Anderson and Olson warn that those who have an interest in perpetuating conflict will undertake extreme, often violent, acts to spoil the peace process.  Such is certainly the case in present-day DRCongo.  “Analyzing where such resistance may arise and planning how to respond to such events are important if momentum toward peace…is to be maintained.”  (p. 62).  Now, when the peace is threatened, is the time that peace programs should be their most active and receiving the most well-placed moral, analytical and material support in the DRC.

A recent video taken of CAPP project participants in South Kivu shows footage of young Mai Mai militia describing their contact with CAPP South Kivu peace committees and training programs, and how they were persuaded to put their guns down and come out of the forest.  In the video, they ask, “Why should I fight when I can sit around a table and find a solution?” On the day of the fall of Bukavu to rebel leader Laurent Nkunda’s troops in June, I was a spectator at a football match between Mai Mai ex-rebels and the civilian youth of Fizi.  It was a remarkable community-building event, which went a long way to welcoming these perceived "cannibalistic forest-dwellers" back into the local community as participating members, and building cross-cutting relationships.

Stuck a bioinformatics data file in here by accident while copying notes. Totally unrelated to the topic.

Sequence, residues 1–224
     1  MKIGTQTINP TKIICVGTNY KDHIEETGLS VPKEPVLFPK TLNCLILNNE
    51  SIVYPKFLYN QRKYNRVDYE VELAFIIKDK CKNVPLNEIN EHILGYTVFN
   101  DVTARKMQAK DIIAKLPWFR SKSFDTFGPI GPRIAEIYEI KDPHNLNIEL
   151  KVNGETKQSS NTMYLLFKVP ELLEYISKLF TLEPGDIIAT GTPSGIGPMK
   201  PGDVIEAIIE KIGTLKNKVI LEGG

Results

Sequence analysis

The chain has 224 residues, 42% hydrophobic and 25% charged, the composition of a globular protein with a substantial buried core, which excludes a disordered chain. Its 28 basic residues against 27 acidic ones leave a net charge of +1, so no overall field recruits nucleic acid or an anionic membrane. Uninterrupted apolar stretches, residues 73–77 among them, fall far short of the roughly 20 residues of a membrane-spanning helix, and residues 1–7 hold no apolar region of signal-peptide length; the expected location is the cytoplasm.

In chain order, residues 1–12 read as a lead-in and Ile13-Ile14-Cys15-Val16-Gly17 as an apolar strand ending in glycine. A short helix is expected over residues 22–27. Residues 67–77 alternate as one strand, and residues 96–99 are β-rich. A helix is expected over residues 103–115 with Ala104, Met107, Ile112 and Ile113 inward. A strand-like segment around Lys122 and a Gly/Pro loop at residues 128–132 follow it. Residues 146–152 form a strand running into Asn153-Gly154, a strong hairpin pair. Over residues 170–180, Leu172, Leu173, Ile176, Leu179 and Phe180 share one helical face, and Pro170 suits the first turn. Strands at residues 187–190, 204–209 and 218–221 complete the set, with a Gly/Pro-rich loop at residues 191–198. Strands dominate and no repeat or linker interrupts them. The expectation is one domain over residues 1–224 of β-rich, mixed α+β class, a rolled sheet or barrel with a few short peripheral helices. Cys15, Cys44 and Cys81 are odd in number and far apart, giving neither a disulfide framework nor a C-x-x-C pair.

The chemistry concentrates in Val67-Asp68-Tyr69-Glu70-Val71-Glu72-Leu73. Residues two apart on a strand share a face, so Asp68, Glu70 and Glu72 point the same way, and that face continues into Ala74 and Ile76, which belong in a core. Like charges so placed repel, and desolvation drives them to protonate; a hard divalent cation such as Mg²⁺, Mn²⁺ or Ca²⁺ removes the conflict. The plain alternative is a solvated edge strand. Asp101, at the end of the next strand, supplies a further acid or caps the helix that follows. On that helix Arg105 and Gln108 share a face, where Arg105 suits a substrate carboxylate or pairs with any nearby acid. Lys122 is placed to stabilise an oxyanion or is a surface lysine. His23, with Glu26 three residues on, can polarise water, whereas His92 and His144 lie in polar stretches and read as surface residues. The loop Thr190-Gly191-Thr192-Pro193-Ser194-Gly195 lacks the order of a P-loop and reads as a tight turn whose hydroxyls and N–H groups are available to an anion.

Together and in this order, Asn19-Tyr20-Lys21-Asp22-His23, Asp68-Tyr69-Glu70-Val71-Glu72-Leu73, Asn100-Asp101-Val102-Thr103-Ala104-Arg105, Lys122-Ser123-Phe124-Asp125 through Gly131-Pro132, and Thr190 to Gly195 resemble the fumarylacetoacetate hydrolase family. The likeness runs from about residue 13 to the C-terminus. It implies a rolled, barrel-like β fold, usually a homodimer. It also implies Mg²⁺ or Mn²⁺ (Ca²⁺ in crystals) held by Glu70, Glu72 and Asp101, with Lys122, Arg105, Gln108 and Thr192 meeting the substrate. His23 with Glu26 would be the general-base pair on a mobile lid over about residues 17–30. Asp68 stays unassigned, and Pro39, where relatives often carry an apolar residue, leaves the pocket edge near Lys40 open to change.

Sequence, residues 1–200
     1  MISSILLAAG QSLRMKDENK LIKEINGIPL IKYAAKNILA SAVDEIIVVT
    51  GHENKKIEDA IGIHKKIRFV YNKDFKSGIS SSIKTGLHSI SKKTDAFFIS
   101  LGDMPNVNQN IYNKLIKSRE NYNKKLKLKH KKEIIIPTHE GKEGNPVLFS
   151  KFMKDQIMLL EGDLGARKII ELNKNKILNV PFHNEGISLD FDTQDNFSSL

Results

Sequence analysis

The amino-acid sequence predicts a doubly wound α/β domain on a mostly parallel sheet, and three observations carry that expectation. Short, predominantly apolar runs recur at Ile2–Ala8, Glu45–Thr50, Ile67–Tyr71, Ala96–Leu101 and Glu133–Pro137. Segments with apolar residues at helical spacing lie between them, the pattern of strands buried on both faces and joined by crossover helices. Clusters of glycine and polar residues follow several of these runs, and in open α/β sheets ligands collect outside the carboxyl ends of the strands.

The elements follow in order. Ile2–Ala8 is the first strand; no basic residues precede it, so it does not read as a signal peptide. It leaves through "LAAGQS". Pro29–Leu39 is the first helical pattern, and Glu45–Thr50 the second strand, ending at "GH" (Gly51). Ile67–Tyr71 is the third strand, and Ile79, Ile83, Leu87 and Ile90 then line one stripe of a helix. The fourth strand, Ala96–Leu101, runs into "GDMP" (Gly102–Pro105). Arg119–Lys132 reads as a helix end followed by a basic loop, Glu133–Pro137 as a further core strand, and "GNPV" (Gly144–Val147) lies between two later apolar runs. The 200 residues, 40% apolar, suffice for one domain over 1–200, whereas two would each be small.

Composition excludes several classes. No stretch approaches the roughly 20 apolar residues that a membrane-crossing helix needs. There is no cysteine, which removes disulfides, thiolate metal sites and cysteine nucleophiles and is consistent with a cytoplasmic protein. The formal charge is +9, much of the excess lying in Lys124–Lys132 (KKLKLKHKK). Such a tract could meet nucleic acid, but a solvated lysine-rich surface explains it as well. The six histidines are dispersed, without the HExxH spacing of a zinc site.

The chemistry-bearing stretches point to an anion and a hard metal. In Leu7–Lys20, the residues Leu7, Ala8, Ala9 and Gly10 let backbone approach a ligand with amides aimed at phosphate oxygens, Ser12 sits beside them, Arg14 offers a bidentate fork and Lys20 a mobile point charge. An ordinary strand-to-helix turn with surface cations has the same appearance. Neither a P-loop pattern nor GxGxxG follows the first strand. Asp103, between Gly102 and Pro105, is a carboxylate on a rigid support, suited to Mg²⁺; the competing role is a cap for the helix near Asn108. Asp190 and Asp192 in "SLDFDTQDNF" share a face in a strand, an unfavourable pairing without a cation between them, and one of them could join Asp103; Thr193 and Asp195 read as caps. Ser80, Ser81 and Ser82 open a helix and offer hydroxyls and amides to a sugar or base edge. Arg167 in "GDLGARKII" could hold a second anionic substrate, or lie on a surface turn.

Fizi is sometimes referred to as the birthplace of the current Congolese conflict.  It is the home of the Banyamulenge, and has been among the areas most seriously affected by the wars and ongoing insecurity. Remarkably, however, (and not reflected in the media coverage), the Banyamulenge of Fizi are, for the most part, not supportive of the leaders of the recent rebellions in Bukavu perpetrated in the name of the Banyamulenge.  With a timid voice, they are condemning the violence and calling for a political solution to the crisis.  (Sentiments also expressed recently by several North Kivu RCD politicians in Goma.)
Local peace activities in Fizi continue to empower and amplify these alternative voices, thereby avoiding the escalation of ethnic violence towards members of this community and a general escalation of the prejudice and fear that threatens to lead to an international conflict between the DRC and Rwanda.

A declaration, jointly drafted by Banyamulenge churches and the National Council of Churches in South Kivu, lauds the actions of the majority of citizens of Bukavu to shelter and protect Banyamulenge during the recent violence in Bukavu, with specific references to individuals and churches throughout the town.  Declarations of this sort are being disseminated as quickly as possible through networks such as that of RIAPP, the Inter-congolese Network for Support of the Peace Process, recently set up during a CAPP-sponsored national meeting of Congolese churches from most provinces of the country, with the support of Norwegian Church Aid.

These are just a few of many examples coming out of CAPP experiences of participating in local peace-building in the Kivus.    Peace and democracy-building training and awareness-raising activities will assume an even greater importance as the 2005 National Elections grow ever nearer!

In conclusion, we find the CAPP program is at its most relevant in situations such as that which currently prevails in the DRC.  We should do everything possible to ensure the continuity of support for our colleagues there over the coming critical months and the important year ahead.

Quaker Service Norway, 2004